I'm sure you've seen--or rather, skimmed past--the Terms of Service that govern services like Facebook, LinkedIn and the like. Similar to End User License Agreements, these are the things you skim over so you can quickly click Accept and move on.
Well I've decided to change my terms of service, at least when it comes to LinkedIn networking. More accurately, I've decided to revert to something closer to my original terms.
When I started on LinkedIn, I took seriously their advice to "only connect with people you know." I even remember an email exchange with a (somewhat distant) co-worker who wanted to make sure he really new me before he accepted my connection request.
This advice from LinkedIn was in contrast to the "LION" (LinkedIn Open Networker) approach, which was much more promiscuous about connecting. Their argument was that you never know who you're going to want to know or be able to help. OK, that's a valid point.
Maybe a year ago, things at LinkedIn seemed to change, in two important ways
- LinkedIn made it much easier (a one-click experience) to request a connection. Click the button and someone receives your connection request, with a stock "I'd like to connect with you on LinkedIn" message.
- LinkedIn seems to have changed its stance on curating connection requests. It seemed (and seems now) that anyone who's a member of a group with me can send me a connection request. There doesn't seem to be any more of the LinkedIn "show me you know this person" hurdles to jump over.
In a fit of pique, I decided to go ahead and accept these connection requests. Hey, if LinkedIn was going to make it that easy, then I was going to oblige them. Often I would notice that the requester would show up on my "who's viewed your profile" list, making me realize they were mass-mailing these connection requests and really weren't even aware that they'd sent me a request. So for a while I would write to them, explain that I wasn't sure if they intended to connect but I was happy to accept. Sometimes people would write back and say that, indeed, they wanted to connect. And I've built some good relationships out of these kinds of blind-date connections.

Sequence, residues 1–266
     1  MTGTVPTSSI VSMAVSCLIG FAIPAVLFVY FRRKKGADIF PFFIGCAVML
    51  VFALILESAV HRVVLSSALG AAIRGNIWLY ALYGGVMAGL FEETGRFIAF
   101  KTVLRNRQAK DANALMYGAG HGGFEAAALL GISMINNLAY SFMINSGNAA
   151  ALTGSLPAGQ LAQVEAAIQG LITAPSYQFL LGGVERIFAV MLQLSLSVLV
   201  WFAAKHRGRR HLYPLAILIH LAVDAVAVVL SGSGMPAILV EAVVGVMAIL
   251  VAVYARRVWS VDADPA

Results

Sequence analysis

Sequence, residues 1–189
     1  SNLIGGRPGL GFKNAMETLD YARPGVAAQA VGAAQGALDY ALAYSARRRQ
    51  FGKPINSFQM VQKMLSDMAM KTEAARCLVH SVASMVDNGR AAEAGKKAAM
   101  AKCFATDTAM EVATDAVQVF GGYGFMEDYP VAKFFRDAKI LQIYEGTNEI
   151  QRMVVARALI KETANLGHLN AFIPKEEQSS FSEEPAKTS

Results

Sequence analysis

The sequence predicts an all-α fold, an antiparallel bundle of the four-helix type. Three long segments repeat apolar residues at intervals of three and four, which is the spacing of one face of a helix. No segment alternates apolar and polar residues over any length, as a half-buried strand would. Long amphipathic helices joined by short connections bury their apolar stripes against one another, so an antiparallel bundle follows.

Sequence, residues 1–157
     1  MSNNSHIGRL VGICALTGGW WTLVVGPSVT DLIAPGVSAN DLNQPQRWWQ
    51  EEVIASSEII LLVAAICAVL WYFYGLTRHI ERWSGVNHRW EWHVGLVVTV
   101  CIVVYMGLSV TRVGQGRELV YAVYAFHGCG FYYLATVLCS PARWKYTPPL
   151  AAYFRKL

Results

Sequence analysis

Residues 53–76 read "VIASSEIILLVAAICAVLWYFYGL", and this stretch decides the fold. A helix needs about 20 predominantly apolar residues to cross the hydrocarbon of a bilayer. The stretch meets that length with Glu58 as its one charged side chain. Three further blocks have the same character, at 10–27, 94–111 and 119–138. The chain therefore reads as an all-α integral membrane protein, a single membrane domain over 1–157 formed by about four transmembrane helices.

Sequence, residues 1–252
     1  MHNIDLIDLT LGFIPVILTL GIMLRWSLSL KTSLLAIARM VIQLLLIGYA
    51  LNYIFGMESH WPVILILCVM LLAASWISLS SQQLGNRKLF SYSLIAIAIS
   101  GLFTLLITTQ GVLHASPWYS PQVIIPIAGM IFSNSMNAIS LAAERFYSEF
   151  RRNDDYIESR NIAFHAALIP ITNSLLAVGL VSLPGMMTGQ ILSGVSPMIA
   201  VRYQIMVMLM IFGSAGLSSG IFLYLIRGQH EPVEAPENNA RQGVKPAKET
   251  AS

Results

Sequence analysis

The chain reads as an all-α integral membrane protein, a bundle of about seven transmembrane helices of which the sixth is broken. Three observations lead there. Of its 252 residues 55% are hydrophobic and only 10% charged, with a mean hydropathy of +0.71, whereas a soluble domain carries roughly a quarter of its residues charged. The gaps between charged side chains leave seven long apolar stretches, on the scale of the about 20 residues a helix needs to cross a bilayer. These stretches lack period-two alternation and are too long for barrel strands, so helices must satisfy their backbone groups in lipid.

More and more, however, things have been getting a bit spammy.
- Susan sends me a connection request
- I accept
- Susan sends me a message, pitching me on her/her company's services (lead generation and outsourced software development being the leading examples)
- I explain that I'm not in the market for these services (something they could have surmised had they bothered to check), but hey, good luck with it
- Susan never contacts me again
After a while, people like Susan (and their associates) show up in my news feed, and I have to work to remember: is this someone I have a professional relationship with? As with other social forces, the noise starts to overcome the signal (what?)
So as of today, I've started purging my connection lists of people that seemed to want to treat networking like a one-night-stand. And I'm turning back people that have no connection to me, and haven't included a personal note with their connection request.
I've had some great conversations with people I didn't previously know, so I'm certainly still open to requests from out of the blue. But if it looks like you're just following the LinkedIn Path of Least Resistance, and it looks like you want to sell first and help later, then I can say "it's not you--it's me."
As in, "I have this strange desire to know first and sell later. So find a way to connect with me, show me that your interest is more than transactional, and we'll talk."